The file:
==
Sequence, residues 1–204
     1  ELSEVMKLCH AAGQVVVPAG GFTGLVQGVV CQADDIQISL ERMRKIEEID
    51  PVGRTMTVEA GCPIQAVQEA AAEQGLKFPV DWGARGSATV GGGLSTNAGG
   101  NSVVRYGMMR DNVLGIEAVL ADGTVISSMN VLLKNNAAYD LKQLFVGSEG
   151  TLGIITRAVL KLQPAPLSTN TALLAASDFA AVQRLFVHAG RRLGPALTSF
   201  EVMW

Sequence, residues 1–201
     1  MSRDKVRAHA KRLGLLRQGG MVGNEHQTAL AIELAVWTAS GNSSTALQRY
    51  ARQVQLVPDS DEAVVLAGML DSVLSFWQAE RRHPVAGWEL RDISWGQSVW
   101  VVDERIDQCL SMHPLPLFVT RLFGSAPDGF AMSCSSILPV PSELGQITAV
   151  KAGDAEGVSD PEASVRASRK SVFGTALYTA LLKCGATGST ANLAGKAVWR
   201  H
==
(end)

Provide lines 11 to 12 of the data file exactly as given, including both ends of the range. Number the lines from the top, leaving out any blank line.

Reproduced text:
   151  KAGDAEGVSD PEASVRASRK SVFGTALYTA LLKCGATGST ANLAGKAVWR
   201  H